Why It Matters

Moderate Johor put to the test

Madam Zakiah Mat Lila (facing camera) from Mersing, a coastal town in eastern Johor, will vote only for Muslims and applauds strict Islamic laws, such as cutting off the hands of thieves and caning fornicators. ST PHOTO: KEMBURAJU THANGARAJAN

Johor has long been hailed as a bastion of moderate Islam. Its popular and well-respected ruler, Sultan Ibrahim Sultan Iskandar, makes no secret about his abhorrence of religious intolerance and racial discrimination.

He speaks his mind and has struck down attempts to stir tensions in the multicultural state of 3.6 million people, where Chinese and Indians make up a significant minority - one in three residents.

So, a recent survey commissioned by ISEAS - Yusof Ishak Institute, indicating that Islamic conservatism and exclusivity are on the rise in the state, has raised some eyebrows.

The poll of 2,011 Johoreans, 55 per cent of whom were Malays, revealed strong Muslim support for hudud, or the strict Islamic criminal code which metes out penalties such as cutting off hands in cases of theft and stoning for adultery.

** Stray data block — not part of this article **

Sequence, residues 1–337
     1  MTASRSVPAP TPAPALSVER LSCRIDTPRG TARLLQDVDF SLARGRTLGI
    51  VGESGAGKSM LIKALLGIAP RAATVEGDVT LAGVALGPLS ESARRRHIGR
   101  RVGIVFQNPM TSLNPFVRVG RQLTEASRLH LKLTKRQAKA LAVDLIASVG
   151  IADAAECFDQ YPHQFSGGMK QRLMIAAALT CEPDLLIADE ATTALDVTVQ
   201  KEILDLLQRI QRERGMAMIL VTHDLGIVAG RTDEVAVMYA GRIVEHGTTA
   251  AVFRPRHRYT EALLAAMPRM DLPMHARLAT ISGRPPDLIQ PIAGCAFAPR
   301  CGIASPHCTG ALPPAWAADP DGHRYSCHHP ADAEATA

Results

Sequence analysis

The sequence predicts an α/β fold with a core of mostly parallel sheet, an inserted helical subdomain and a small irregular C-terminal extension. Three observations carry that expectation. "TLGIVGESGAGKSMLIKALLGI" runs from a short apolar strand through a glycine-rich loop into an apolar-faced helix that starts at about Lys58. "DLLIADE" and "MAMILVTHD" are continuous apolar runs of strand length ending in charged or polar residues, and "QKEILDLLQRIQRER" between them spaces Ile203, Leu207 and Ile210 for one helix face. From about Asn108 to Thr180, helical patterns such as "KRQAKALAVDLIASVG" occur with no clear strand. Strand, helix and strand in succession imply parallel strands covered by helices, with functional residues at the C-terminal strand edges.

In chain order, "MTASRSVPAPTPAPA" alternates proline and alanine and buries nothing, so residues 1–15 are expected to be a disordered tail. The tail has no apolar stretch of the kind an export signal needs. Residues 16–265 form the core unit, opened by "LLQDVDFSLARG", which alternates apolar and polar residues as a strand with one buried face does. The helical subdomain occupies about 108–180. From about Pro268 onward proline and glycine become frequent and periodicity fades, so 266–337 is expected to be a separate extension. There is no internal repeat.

Particularly surprising was that one in two Malays had called for the laws to be applied to all Malaysians, regardless of their faith.

With Islamic revivalism sweeping across the globe, the survey confirms Johor has not been spared, even with a forward-looking Sultan.

The 59-year-old ruler seems keen to follow the example of Singapore, which last month barred the entry of two Islamic preachers over concerns of hardline and divisive teachings. His push for a Bangsa Johor identity promoting tolerance is also gaining traction as calls of support for him to bring back English as a medium of instruction in schools grow louder.

Rising conservatism is a challenge for the Sultan as the state's constitutional head of Islam. But Johor is in a good position, with an overwhelming nine in 10 Johorean Malays agreeing that the ruler is a good guardian of the religion. The hope is that more will share his outlook on matters of faith.

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A version of this article appeared in the print edition of The Straits Times on November 22, 2017, with the headline Moderate Johor put to the test. Subscribe